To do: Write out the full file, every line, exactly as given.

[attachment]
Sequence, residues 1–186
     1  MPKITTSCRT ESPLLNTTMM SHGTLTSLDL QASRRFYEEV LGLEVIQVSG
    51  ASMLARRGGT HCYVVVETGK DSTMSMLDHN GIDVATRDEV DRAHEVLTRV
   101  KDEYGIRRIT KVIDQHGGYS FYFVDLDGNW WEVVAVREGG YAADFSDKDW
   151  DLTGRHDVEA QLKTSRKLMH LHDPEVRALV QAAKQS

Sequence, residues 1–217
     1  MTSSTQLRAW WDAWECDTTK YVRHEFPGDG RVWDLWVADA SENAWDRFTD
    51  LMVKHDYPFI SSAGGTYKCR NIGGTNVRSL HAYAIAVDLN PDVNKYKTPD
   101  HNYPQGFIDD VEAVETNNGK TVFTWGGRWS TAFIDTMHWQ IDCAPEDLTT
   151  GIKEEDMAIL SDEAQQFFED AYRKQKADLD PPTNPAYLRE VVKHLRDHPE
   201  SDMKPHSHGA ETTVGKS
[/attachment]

Sequence, residues 1–186
     1  MPKITTSCRT ESPLLNTTMM SHGTLTSLDL QASRRFYEEV LGLEVIQVSG
    51  ASMLARRGGT HCYVVVETGK DSTMSMLDHN GIDVATRDEV DRAHEVLTRV
   101  KDEYGIRRIT KVIDQHGGYS FYFVDLDGNW WEVVAVREGG YAADFSDKDW
   151  DLTGRHDVEA QLKTSRKLMH LHDPEVRALV QAAKQS

Sequence, residues 1–217
     1  MTSSTQLRAW WDAWECDTTK YVRHEFPGDG RVWDLWVADA SENAWDRFTD
    51  LMVKHDYPFI SSAGGTYKCR NIGGTNVRSL HAYAIAVDLN PDVNKYKTPD
   101  HNYPQGFIDD VEAVETNNGK TVFTWGGRWS TAFIDTMHWQ IDCAPEDLTT
   151  GIKEEDMAIL SDEAQQFFED AYRKQKADLD PPTNPAYLRE VVKHLRDHPE
   201  SDMKPHSHGA ETTVGKS